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Chemicals are the basic building blocks that make up all living and non-living things on Earth. Many chemicals occur naturally in the environment, and may be found in our air, water, food, and homes. Some chemicals are synthetic, and are used in every day products from medicines to computers to fabrics and fuels. Other chemicals are not made deliberately but are by-products of chemical processes.
Many chemicals are used to improve the quality of our lives and most are not harmful to the environment or human health. Some chemicals, however, have the potential to cause harm in certain amounts, and should only be used when the potential risks are appropriately managed.
Most of the chemicals we encounter on a daily basis are not harmful to our health as long as we exercise caution. For example, by following instructions on household products we can greatly reduce our exposure to the chemicals they may contain.
In Canada, there are many laws and standards in place to protect us from the risks of potentially harmful chemicals. In most cases, levels of chemicals in the environment are well below those that are harmful. Under certain conditions however, some chemicals may pose a risk to human health. This depends on the type of chemical, the amount in question, the length of time a person is exposed to the chemical and when the exposure occurred, and the route of exposure (i.e., through food, water, air, etc.).
Some people may be more sensitive to chemical exposure as a result of their physiology, behaviour, geographical location or their living and working environments. These vulnerable populations may include children, pregnant women and seniors.
In some instances, exposure to certain chemicals can cause serious health problems. These effects can be classified as short-term, those occurring immediately after contact; and long-term, those which occur after an extended period of time. Short-term health effects usually occur because of an accident or an incorrect use of a product. Examples of short-term effects include burns and poisoning.
Long-term health effects are usually caused by exposure to harmful chemicals at much smaller doses over longer periods of time. These long-term effects can include cancer and effects on various organs of the body. Exposure to certain chemicals in early developmental stages, such as the fetus or infant, can lead to birth defects, and mental and physical developmental problems in children that can continue into adulthood.
Be aware of the possible environmental health risks that could be hidden in your home or surroundings and take action to lessen these risks. There are a number of precautions you can easily take to protect your health:
Labels with hazard symbols and safety warnings give information you need to know to use the product safely. If there is anything in the label instructions that you do not understand, contact the manufacturer. By following the instructions for proper usage, storage and disposal, you can reduce the risk of harmful exposure. For more information, see the Health Canada Web site.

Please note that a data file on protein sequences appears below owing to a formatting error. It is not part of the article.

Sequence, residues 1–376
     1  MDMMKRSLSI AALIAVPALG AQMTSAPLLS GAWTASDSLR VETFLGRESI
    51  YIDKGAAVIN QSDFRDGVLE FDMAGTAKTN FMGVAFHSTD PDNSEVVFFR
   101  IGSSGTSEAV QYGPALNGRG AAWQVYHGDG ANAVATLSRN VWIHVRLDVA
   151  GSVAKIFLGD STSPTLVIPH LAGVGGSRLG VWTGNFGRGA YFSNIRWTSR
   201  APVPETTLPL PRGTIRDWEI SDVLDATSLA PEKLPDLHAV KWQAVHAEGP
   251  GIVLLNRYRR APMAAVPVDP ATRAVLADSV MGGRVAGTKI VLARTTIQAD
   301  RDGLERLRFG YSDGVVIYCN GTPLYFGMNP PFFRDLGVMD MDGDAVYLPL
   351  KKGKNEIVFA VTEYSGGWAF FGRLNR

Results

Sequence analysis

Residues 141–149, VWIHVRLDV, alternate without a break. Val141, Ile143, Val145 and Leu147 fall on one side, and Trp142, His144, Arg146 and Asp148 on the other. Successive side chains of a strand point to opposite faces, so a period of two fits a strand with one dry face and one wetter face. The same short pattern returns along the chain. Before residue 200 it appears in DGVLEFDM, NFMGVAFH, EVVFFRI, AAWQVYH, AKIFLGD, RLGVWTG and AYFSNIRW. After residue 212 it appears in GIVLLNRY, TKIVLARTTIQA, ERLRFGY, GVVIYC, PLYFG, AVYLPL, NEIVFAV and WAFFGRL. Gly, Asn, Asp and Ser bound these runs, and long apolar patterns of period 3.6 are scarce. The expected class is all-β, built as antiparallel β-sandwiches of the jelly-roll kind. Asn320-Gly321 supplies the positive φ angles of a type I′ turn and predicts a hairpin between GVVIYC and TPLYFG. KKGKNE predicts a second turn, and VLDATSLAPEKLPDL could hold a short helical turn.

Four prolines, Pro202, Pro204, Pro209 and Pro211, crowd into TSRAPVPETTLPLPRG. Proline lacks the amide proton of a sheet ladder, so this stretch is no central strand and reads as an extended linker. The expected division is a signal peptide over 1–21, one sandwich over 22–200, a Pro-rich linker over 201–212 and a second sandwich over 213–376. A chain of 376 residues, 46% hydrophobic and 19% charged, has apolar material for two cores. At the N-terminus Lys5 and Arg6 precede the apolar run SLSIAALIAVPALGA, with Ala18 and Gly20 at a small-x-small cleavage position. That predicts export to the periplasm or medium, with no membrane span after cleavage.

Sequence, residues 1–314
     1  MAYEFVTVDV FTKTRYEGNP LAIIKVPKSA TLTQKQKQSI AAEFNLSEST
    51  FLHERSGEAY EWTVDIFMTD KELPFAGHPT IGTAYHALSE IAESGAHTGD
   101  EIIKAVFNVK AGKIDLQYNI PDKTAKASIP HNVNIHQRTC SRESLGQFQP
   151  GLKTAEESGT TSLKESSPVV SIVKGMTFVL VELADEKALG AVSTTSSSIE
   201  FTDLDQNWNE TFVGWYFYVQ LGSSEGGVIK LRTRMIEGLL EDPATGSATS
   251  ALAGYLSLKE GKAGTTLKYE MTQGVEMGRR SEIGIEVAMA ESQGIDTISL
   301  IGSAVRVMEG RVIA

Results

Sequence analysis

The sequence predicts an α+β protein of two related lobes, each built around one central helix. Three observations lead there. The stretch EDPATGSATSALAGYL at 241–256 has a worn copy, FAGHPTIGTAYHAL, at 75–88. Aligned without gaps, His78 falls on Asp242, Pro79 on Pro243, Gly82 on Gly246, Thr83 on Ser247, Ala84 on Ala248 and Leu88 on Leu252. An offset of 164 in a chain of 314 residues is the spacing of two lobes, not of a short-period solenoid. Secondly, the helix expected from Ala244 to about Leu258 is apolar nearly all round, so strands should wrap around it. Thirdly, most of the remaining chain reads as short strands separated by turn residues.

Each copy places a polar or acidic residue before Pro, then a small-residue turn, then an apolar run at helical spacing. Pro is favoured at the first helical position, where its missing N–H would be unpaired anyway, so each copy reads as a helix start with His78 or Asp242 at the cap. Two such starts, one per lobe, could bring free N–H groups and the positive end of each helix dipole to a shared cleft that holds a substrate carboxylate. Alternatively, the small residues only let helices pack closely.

The Government of Canada plays a key role in protecting Canadians from exposure to harmful chemicals. In Canada, the manufacture, import and use of chemicals are regulated by a number of laws, including the Canadian Environmental Protection Act, 1999, the Hazardous Products Act, the Food and Drugs Act, and the Pest Control Products Act.
In 2006, the Government of Canada launched the Chemicals Management Plan (CMP) to further enhance its role in protecting Canadians and their environment from exposure to harmful chemicals. The CMP also provides funding for research and monitoring, so that we can better understand the effects of chemicals on human health.
On January 29, 2009, the Government tabled Bill C-6 - the Canada Consumer Product Safety Act (CCPSA). The proposed CCPSA is an important piece of legislation that would replace Part 1 of the Hazardous Products Act and modernize our safety system for consumer products by enhancing the federal government's ability to take action when consumer products pose a danger to human health or safety. The Healthy Canadians Web site provides information to Canadians on these activities, as well as other health promotion initiatives.
The Government of Canada works closely with provinces and municipalities to help reduce the risks of harmful chemicals. In addition, because pollution does not stop at borders, the Government of Canada works with other countries to build a consistent international and regional approach to the safe management of chemicals.
For more information on the Chemicals Management Plan, including the list of chemicals being assessed, visit the Chemical Substances Web site.
For information on food and consumer product recalls, as well as for general health information, visit the Healthy Canadians Web site.
You can also find health information on many topics, including chemicals, on Health Canada's It's Your Health Web site.